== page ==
When some one says Responsive web design, you will think of media queries. In my opinion Responsive web design is not only media queries. In case of large sites like Goolge plus or any other heavy sites media queries will be only 10%.
If you are developing a responsive blog or a static portfolio site of yours, the content is very less and they are adjustable(we can say them as read-only sites as we cant perform any action on those other than comments). It will be very easy for the developer to control the content based on his design and can develop a nice cool responsive website which will be compatible for all kind of devices and resolutions on the earth.
However, in case of large site the content is not controlled by the developer or the designer as that is posted by the large user group and user has great control over the system. The user can perform many actions based on his interest.
So, Its very important we concentrate on the following areas when implementing RWD for large sites,
There are four different layout options.
These are non responsive layouts, before RWD this fixed layouts are famous. In fixed-width layouts the site width is constrained by a specific pixel measurement, 960px being the most commonly chosen width today. In 2006, Cameron Moll wrote a blog post entitled "Optimal width for 1024px resolution?" in which he dissected what the "optimal" width was to target for the increasingly popular 1024 resolution. After considering the Chrome browser that left between 974px and 984px to play with.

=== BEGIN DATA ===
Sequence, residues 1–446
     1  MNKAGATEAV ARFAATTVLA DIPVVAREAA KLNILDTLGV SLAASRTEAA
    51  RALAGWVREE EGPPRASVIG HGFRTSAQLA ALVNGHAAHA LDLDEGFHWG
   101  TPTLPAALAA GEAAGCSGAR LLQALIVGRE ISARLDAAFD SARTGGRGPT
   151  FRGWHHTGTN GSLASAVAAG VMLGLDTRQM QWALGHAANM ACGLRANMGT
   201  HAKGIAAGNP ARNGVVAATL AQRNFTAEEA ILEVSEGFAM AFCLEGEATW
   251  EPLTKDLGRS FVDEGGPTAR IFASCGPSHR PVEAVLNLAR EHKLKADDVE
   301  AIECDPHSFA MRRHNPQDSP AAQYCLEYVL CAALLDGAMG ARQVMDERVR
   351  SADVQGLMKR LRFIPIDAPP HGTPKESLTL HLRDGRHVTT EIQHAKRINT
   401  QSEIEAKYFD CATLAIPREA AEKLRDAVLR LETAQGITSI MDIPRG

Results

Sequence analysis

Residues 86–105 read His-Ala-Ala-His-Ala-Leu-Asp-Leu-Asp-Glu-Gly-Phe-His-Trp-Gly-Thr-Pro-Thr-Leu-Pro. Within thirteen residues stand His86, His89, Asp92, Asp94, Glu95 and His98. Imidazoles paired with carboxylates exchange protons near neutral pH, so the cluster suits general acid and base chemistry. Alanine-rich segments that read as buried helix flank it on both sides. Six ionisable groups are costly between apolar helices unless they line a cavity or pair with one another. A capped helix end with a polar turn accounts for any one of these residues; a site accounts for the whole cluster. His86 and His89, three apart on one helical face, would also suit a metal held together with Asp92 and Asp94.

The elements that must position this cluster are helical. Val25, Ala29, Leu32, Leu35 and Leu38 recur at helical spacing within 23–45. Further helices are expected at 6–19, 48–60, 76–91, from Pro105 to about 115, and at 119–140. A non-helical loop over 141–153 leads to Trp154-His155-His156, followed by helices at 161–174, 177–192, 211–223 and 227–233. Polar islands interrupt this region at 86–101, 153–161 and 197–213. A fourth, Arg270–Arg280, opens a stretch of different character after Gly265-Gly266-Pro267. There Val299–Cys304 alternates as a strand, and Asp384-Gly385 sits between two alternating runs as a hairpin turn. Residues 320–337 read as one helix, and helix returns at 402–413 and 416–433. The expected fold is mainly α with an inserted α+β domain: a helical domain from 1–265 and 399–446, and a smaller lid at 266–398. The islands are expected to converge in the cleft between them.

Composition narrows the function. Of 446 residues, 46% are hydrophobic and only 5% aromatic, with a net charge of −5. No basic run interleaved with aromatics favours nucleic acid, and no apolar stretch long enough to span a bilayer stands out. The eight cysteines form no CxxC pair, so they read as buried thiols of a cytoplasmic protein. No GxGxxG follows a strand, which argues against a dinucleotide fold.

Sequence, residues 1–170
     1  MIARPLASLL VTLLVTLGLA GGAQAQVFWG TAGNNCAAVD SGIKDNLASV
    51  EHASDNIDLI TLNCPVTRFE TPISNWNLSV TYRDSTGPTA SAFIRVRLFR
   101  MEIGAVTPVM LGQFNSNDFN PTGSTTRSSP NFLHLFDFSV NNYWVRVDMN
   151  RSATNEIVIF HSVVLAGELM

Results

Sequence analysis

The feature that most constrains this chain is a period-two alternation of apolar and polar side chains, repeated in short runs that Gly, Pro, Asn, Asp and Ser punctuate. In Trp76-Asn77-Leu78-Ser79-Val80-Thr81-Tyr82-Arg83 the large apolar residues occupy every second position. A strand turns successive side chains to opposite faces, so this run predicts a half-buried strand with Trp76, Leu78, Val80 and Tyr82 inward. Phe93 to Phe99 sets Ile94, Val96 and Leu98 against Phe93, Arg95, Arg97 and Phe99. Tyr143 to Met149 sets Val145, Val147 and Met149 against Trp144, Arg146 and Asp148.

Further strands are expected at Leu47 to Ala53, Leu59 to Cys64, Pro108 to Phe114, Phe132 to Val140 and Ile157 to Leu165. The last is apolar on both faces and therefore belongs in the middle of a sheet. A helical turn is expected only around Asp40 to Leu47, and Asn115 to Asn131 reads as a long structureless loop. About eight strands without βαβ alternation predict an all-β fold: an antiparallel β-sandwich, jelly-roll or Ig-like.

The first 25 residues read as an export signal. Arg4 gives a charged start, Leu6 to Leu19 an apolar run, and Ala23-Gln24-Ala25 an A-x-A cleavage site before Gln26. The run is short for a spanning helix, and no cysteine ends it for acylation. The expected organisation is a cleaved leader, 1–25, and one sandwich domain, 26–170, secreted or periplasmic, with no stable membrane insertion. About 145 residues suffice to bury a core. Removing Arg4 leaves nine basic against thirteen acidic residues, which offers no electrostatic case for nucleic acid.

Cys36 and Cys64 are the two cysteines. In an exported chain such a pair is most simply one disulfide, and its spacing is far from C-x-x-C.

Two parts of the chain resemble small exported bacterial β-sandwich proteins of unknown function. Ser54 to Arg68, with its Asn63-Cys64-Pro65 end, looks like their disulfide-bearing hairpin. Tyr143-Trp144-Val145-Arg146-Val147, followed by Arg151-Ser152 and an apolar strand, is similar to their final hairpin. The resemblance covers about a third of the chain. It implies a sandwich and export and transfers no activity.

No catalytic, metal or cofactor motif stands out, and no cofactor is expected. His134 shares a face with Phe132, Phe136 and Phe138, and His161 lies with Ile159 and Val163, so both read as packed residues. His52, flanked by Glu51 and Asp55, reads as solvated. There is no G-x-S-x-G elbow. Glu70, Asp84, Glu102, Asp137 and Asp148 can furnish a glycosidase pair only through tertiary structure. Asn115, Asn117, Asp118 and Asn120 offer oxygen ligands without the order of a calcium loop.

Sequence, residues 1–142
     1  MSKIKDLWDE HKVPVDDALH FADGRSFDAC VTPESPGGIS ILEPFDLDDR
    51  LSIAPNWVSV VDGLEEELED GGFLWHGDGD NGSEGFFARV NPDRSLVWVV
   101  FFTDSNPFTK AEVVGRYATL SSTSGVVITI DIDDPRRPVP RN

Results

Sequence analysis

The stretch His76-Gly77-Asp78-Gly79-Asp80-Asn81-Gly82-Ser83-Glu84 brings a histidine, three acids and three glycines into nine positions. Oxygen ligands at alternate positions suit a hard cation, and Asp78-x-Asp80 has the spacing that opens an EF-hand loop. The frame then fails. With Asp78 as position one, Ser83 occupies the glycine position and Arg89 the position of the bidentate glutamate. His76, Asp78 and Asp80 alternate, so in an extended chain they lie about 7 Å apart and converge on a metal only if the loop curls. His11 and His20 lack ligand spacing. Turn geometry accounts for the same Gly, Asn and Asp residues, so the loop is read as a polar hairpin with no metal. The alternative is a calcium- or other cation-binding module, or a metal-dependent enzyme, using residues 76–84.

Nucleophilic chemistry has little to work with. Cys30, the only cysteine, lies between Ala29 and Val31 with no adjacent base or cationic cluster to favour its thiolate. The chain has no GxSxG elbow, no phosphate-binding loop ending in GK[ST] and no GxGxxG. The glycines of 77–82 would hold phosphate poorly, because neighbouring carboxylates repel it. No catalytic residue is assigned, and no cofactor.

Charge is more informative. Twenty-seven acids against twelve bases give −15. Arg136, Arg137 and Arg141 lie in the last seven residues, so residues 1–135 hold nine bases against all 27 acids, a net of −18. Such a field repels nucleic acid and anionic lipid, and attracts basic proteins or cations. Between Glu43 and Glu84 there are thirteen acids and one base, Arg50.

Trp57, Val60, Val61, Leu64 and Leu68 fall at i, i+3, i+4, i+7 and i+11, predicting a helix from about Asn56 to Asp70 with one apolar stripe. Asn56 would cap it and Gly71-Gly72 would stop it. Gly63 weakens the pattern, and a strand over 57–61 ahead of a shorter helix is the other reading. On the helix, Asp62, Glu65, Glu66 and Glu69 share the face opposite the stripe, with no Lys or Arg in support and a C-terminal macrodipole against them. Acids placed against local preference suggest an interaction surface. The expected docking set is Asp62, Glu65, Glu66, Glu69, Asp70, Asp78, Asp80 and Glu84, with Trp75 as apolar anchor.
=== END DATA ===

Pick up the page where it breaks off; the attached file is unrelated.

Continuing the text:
The biggest problem with fixed-width layouts is that you must operate under a lot of assumptions. When you determine how wide your site will be, you're making a guess as to what dimensions will best serve the largest percentage of visitors.
This is the an example of Fixed layout(try resizing the browser) http://tcs.com/
In fluid layouts, dimensions are determined by percentages, not pixel measurements. As a result, they're much more malleable. So you may have a primary column that's sized at 60% of the width of the container, a right sidebar column in her categorization; sized at 30%, and a gutter of 10% in between. Using a layout defined in that manner means that it doesn't matter if the user is using a desktop computer with a browser width of 1024px, or a tablet sized at 768px wide: the widths of the elements in the page will adjust accordingly. A fluid layout can avoid lot of problems that are caused by fixed layouts. It prevents the Horizontal scrollbars in most cases. Implementing responsive design in fluid layouts is very easy, with the css3 media queries.
Elastic layouts are very similar to fluid layouts, except that their constraints are determined by the type sizeâ€”typically using the em measurement. One em is the equivalent of the currently defined font-size. Say, for example, the body text is in a font-size of 12px. In that case, 1em equals 12px and 2em equals 24px. Elastic layouts provide strong typographic control. With an elastic layout, you can define the width of the container to be, say, 55em. This would ensure that the width of the container always maintains an appropriate line length. Another benefit of elastic layouts is that as a visitor increases or decreases the font size, elements defined with elastic widths will scale in proportion to that font size.